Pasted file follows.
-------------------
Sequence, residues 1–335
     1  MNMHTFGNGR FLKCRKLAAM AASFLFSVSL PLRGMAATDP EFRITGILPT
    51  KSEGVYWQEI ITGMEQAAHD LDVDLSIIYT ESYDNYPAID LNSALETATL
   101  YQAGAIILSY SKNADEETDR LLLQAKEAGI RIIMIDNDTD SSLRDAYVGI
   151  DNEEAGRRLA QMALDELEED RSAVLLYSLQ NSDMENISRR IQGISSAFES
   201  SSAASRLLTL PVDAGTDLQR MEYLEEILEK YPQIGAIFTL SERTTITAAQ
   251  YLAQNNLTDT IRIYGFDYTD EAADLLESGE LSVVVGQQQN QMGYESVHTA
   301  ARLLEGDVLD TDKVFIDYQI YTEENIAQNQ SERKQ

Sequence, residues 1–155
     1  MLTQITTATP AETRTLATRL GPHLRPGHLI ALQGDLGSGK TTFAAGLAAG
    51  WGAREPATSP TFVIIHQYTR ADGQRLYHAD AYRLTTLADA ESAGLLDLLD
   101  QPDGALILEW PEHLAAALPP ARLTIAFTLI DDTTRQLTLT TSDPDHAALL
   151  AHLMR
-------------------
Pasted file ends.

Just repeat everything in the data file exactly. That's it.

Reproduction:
Sequence, residues 1–335
     1  MNMHTFGNGR FLKCRKLAAM AASFLFSVSL PLRGMAATDP EFRITGILPT
    51  KSEGVYWQEI ITGMEQAAHD LDVDLSIIYT ESYDNYPAID LNSALETATL
   101  YQAGAIILSY SKNADEETDR LLLQAKEAGI RIIMIDNDTD SSLRDAYVGI
   151  DNEEAGRRLA QMALDELEED RSAVLLYSLQ NSDMENISRR IQGISSAFES
   201  SSAASRLLTL PVDAGTDLQR MEYLEEILEK YPQIGAIFTL SERTTITAAQ
   251  YLAQNNLTDT IRIYGFDYTD EAADLLESGE LSVVVGQQQN QMGYESVHTA
   301  ARLLEGDVLD TDKVFIDYQI YTEENIAQNQ SERKQ

Sequence, residues 1–155
     1  MLTQITTATP AETRTLATRL GPHLRPGHLI ALQGDLGSGK TTFAAGLAAG
    51  WGAREPATSP TFVIIHQYTR ADGQRLYHAD AYRLTTLADA ESAGLLDLLD
   101  QPDGALILEW PEHLAAALPP ARLTIAFTLI DDTTRQLTLT TSDPDHAALL
   151  AHLMR